Is this the stomach-turning truth about what the Neanderthals ate? By Robin McKee. The Observer, October 19, 2013.
Having the stomach for it: a contribution to Neanderthal diets? By Laura T. Buck, and Chris B. Stringer. Quaternary Science Reviews, published online September 29, 2013.
the central position of diet in determining ecology and behaviour, much
research has been devoted to uncovering Neanderthal subsistence strategies.
This has included indirect studies inferring diet from habitat reconstruction,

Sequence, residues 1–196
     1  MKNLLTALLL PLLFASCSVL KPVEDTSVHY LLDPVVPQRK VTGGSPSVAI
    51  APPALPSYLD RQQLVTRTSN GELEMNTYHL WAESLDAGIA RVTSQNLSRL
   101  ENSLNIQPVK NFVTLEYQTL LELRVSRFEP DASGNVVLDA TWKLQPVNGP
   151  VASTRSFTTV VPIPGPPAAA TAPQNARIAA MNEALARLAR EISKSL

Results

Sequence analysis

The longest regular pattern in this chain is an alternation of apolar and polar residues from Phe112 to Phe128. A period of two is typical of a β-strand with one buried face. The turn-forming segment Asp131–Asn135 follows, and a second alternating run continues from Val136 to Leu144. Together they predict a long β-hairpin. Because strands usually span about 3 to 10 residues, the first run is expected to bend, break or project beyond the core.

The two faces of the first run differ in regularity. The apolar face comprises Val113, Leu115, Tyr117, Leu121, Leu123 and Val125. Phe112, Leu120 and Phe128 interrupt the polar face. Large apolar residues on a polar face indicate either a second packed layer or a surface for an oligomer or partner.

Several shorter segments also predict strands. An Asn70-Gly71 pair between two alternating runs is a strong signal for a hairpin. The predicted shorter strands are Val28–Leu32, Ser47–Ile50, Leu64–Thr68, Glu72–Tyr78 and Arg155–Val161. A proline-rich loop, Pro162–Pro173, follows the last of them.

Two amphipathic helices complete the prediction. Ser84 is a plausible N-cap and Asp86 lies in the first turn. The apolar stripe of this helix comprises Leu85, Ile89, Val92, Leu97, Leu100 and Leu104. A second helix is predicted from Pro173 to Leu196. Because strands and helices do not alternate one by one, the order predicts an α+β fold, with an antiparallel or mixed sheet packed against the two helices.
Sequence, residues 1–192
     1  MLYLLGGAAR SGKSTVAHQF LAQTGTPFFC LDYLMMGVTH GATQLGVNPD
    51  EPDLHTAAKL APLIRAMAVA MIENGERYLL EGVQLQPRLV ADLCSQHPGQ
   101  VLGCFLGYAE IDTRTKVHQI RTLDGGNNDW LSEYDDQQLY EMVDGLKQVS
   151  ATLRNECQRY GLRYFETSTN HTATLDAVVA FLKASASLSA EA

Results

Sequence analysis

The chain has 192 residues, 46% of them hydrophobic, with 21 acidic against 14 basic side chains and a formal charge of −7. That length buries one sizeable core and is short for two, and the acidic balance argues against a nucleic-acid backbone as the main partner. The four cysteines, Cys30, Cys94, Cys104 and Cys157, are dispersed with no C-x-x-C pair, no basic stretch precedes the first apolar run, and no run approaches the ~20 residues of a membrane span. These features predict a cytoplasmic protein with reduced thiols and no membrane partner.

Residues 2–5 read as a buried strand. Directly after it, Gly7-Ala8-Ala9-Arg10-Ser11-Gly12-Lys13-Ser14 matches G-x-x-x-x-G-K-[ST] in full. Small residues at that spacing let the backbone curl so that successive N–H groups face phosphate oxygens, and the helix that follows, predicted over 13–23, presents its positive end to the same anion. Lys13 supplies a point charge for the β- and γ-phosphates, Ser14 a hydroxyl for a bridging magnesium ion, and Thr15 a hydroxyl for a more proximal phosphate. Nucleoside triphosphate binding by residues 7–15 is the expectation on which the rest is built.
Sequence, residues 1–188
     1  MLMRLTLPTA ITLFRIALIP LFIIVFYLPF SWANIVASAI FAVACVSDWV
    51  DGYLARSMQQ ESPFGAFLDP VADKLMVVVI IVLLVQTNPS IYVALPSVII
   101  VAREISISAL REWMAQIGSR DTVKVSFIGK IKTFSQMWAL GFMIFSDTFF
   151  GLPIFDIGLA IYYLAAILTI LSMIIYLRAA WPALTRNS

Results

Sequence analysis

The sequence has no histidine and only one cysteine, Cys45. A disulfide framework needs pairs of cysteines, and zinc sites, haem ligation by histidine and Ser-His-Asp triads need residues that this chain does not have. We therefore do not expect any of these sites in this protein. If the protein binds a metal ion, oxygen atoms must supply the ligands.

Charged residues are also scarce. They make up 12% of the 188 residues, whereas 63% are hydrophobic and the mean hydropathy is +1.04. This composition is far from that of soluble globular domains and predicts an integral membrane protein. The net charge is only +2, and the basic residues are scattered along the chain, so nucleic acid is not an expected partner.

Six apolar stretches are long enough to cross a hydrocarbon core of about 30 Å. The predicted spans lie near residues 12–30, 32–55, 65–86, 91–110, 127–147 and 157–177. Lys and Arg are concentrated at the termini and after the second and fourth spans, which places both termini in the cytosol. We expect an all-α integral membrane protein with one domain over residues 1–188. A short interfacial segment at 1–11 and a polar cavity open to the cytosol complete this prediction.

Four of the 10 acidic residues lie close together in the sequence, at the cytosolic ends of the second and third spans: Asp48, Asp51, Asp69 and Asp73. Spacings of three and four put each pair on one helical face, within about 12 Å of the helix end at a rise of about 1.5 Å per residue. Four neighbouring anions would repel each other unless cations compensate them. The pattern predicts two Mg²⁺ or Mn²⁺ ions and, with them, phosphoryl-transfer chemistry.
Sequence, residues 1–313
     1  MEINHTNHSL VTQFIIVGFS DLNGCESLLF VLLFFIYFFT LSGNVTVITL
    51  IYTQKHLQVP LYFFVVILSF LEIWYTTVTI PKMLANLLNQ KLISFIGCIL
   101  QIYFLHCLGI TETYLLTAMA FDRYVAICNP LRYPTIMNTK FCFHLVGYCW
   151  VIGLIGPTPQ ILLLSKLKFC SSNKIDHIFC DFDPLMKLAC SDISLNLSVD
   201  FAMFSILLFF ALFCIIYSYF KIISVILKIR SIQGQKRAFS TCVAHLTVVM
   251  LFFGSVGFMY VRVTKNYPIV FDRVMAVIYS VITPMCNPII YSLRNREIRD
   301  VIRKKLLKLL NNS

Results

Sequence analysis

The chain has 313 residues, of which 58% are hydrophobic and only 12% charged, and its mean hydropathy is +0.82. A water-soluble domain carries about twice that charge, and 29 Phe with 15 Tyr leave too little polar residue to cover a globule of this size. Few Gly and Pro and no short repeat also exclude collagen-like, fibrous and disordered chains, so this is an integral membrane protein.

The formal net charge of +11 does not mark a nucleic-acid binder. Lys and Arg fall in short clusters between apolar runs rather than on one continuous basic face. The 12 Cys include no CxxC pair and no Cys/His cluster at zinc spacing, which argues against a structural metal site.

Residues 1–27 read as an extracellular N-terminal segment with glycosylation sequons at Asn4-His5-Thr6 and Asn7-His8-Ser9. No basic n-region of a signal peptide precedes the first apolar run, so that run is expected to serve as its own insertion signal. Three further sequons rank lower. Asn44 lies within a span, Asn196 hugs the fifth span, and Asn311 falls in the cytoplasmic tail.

ethnographic analogy, or faunal assemblages, and direct methods, such as dental
wear and isotope analyses. Recently, studies of dental calculus have provided
another rich source of dietary evidence, with much potential. One of the most
interesting results to come out of calculus analyses so far is the suggestion that
Neanderthals may have been eating non-nutritionally valuable plants for
medicinal reasons. Here we offer an alternative hypothesis for the occurrence
of non-food plants in Neanderthal calculus based on the modern human
ethnographic literature: the consumption of herbivore stomach contents.